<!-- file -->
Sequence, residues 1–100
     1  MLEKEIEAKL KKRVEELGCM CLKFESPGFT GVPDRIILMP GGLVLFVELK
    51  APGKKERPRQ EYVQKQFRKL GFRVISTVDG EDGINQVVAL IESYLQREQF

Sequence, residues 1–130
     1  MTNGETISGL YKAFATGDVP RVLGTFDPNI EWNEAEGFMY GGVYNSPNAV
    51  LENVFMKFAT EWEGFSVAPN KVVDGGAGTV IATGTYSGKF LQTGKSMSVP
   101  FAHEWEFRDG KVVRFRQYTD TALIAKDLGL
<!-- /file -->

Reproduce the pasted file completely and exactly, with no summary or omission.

Sequence, residues 1–100
     1  MLEKEIEAKL KKRVEELGCM CLKFESPGFT GVPDRIILMP GGLVLFVELK
    51  APGKKERPRQ EYVQKQFRKL GFRVISTVDG EDGINQVVAL IESYLQREQF

Sequence, residues 1–130
     1  MTNGETISGL YKAFATGDVP RVLGTFDPNI EWNEAEGFMY GGVYNSPNAV
    51  LENVFMKFAT EWEGFSVAPN KVVDGGAGTV IATGTYSGKF LQTGKSMSVP
   101  FAHEWEFRDG KVVRFRQYTD TALIAKDLGL